The goal of the game is to answer four questions. These questions are:
- How did Max Glover die?
- Who sent you the envelope?
- Who sent the torn letter?
- Who committed the crime?
You use the evidence provided in the envelope to answer these questions. In addition to the physical elements provided, a number of the clues will also lead you online where you will need to do things like call a voicemail inbox, look up someone on Facebook, hack into a police database and more.
To help organize things the game provides you with pages from a date book which you can use to track who was where when and when key things happened. There is also a poster sized picture of a corkboard with images of all of the involved parties and space to write notes about each.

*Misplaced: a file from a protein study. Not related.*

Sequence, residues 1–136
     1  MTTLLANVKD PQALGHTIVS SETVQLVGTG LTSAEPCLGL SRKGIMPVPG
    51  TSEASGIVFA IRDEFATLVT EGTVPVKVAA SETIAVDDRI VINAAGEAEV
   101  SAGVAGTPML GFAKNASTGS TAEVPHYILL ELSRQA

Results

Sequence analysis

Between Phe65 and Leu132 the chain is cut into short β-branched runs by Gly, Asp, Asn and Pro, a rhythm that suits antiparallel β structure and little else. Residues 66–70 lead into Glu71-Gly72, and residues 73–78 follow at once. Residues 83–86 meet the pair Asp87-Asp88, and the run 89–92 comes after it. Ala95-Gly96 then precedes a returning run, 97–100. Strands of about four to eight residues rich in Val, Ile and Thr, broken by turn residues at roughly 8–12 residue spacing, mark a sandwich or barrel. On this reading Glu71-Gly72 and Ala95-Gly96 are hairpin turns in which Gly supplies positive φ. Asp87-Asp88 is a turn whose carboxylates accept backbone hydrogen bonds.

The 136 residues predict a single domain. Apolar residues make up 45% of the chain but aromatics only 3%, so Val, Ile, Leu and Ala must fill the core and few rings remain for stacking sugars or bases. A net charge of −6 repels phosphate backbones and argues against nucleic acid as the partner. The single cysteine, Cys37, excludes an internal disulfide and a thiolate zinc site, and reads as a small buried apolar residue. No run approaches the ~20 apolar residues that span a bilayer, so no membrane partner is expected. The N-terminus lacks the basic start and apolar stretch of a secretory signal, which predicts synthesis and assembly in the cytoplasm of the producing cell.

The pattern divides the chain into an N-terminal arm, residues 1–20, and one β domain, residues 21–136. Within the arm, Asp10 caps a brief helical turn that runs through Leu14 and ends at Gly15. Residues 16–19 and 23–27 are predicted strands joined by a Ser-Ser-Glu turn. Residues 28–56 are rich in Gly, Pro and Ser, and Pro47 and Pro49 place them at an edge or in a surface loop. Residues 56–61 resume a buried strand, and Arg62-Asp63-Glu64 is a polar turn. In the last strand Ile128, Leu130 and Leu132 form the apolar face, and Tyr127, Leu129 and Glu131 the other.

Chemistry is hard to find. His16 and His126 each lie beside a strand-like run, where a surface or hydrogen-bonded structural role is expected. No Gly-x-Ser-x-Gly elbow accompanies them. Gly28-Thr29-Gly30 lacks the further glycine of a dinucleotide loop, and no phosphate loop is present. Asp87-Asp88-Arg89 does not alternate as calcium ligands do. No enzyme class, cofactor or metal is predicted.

Once you have figured out answers to the four questions you go online to a specific website and check to see if you are correct. In addition to having the answers, this is also the page you would go to if you need any hints or if you don’t have access to some of the technology required to play this game (more about that in a bit).
Unlike the various EXIT Games and other mystery games we’ve tried out, there’s no timer here nor time limit and there is also no score. The envelope lists the game as taking an hour and a half to two and a half hours. We were done in about an hour and forty-five minutes.
Should you pick up Hidden Games Crime Scene: The Maplebrooke Case?
Right from the start, I was impressed with the quality of Hidden Games Crime Scene: The Maplebrooke Case. This is a step above other murder mystery games we have played (the most recent of which you can read about in our Escape Mail review) in regards to quality and level of detail.